What is included with this book?
Viktor Shklovsky (1893-1984) was both patriarch and enfant terrible of Formalism, a literary and film scholar, a fiction writer and the protagonist of other people's novels, instructor of an armoured division and professor at the Art History Institute, revolutionary and counterrevolutionary. His work was deeply informed by his long and eventful life. He wrote for over 70 years, both as a very young man in the wake of the Russian revolution and as a ninety year old, never tiring of analyzing the workings of literature. Shklovsky's work is aphoristic, essayistic, startlingly thought-provoking, and eminently readable.
Viktor Shklovsky: A Reader is the first book that collects crucial writings from across Shklovsky's career, serving as an entry point for first-time readers. It presents new translations of key texts as well as important work that has not appeared in English before. The theoretical writing is interspersed with excerpts from memoirs and letters that illuminate the essays.
“What we call art exists in order to give back the sensation of life”, wrote Shklovsky in 1917. Literary and film scholarship, as practiced by him, exist in order to give back the sensation of art.
Viktor Shklovsky (1893-1984) was one of the foremost literary critics and theorists of the 20th century. One of the founders of the Formalist movement in literary criticism, his seminal works include “Art as Method” (1917), Theory of Prose (1925), Third Factory (1926), classic studies of Tolstoy and Mayakovsky, and a memoir of the Russian civil-war era, A Sentimental Journey: Memoirs, 1917–1922 (1923).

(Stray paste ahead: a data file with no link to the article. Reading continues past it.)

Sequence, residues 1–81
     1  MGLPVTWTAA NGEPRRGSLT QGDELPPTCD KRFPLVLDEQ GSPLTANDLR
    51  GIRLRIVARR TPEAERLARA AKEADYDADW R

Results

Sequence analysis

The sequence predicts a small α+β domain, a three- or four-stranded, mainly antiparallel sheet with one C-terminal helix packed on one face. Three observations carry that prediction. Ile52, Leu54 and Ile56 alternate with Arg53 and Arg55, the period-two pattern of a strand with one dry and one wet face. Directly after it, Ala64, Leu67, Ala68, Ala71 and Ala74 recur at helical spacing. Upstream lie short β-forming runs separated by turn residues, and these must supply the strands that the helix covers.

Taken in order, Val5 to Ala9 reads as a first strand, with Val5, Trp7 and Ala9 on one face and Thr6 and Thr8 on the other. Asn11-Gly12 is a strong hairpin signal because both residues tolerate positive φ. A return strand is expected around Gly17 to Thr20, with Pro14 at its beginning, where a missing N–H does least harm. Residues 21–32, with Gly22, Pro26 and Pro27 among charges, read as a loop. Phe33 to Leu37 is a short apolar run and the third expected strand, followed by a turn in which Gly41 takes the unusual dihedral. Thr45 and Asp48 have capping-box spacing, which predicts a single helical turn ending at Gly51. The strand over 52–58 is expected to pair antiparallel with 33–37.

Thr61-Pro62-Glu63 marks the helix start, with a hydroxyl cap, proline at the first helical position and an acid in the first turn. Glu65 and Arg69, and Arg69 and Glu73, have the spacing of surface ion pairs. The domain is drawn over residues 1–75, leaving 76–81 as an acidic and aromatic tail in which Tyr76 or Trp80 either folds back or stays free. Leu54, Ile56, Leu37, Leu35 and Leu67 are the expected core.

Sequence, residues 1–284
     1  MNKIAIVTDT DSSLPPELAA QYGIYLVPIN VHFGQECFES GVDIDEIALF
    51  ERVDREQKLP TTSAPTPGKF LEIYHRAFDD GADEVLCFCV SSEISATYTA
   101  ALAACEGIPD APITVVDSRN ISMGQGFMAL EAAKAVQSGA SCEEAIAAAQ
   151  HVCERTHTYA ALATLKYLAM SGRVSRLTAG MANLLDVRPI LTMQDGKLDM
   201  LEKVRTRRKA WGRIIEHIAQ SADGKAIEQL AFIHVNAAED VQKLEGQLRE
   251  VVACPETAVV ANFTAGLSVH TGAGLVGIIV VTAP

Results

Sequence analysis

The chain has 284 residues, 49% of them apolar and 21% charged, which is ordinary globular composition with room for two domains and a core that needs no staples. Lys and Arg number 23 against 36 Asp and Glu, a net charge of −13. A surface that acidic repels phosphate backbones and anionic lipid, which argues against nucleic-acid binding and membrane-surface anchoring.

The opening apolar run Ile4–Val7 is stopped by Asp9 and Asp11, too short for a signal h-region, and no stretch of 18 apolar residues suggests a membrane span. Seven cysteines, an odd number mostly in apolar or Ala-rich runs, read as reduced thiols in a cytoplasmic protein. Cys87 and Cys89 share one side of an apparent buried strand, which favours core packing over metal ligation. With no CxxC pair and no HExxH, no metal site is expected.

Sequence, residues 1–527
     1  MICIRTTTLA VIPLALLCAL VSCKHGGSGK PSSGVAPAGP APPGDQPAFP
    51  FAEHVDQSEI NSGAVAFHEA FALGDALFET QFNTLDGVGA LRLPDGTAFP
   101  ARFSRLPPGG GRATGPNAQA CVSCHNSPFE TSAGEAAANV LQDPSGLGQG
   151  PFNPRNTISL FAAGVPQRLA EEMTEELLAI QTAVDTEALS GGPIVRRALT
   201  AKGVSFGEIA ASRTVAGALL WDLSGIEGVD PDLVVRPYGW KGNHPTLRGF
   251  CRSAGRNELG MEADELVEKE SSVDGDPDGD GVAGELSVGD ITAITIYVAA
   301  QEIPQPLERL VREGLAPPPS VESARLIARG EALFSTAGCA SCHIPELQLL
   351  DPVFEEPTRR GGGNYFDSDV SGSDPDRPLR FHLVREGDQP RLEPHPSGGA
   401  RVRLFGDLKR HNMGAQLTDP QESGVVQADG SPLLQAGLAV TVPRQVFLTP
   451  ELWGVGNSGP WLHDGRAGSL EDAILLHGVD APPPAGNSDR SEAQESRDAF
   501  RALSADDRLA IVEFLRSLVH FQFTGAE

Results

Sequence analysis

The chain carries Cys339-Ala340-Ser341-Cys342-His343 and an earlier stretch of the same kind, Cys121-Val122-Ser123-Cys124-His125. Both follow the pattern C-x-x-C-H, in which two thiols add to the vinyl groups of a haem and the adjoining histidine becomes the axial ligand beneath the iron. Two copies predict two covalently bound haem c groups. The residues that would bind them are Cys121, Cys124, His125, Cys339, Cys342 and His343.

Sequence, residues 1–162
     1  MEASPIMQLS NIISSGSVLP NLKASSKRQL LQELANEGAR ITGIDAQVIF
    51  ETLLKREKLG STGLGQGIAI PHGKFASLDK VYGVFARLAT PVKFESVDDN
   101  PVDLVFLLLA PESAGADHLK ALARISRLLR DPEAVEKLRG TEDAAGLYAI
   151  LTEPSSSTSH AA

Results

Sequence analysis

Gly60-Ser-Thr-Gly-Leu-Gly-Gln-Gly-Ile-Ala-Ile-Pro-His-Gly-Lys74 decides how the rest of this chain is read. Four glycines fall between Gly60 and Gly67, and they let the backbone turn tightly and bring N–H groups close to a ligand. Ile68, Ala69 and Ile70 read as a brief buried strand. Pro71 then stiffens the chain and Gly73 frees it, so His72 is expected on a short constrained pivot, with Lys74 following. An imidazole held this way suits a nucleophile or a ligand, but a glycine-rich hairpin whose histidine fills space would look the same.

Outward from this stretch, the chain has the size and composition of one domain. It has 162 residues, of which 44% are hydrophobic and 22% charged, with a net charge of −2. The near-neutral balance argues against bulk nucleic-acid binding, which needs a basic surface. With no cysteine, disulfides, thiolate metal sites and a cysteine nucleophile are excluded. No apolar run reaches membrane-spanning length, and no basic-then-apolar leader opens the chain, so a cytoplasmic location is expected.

Alexandra Berlina is Postdoctoral Researcher in Literary Studies at the University of Erfurt, Germany. Her translations of Brodsky's poems "Dido and Aeneas" and "You can't tell a gnat..." have won awards from the 'Willis Barnstone Translation Prize' and the 'The Joseph Brodsky/Stephen Spender Prize'. She is the author of Brodsky Translating Brodsky (Bloomsbury, 2014).
Shklovsky: Selected Quotes
Part I: Early Writing
Resurrecting the Word, 1914
Art as a Method, 1917
Memories I-childhood and youth
- The Construction of the Novella and the Novel, 1921
- Literature Beyond Plot, 1921
- Knight's Move, 1923
Memories II-the beginnings of Russian formalism
-Techniques of the Writing Craft, 1927
Memories III-Roman Jacobson and other friendships
- Connecting Devices of Plotting to General Stylistic Devices, 1929
Memories IV-Sergey Eisenstein and the Russian revolution
Part II: Late Writing
- Tales of Prose I: Western Prose, 1966
- Tales of Prose II: Russian Prose, 1966
from The Bowstring, 1970:
- On Unity
- On Riddles and Hidden Conflicts
- The Human Being in the Wrong Place
- The New in Shakespeare
- The Functions of Parts in the Whole
- Content and Conflict
- History and Time
- The Antinovel and the Antifilm
-The Energy of Error: Conclusion, 1981
- Rhyme in Poetry. Rhyme in Prose. Structuralism and the World behind the Looking Glass, 1982
Shklovsky: Letters to his Grandson I
- Sterne, 1982 (4600 words)
Shklovsky: Letters to his Grandson II
- Doublings and parallelisms, 1982
Shklovsky: Letters to his Grandson III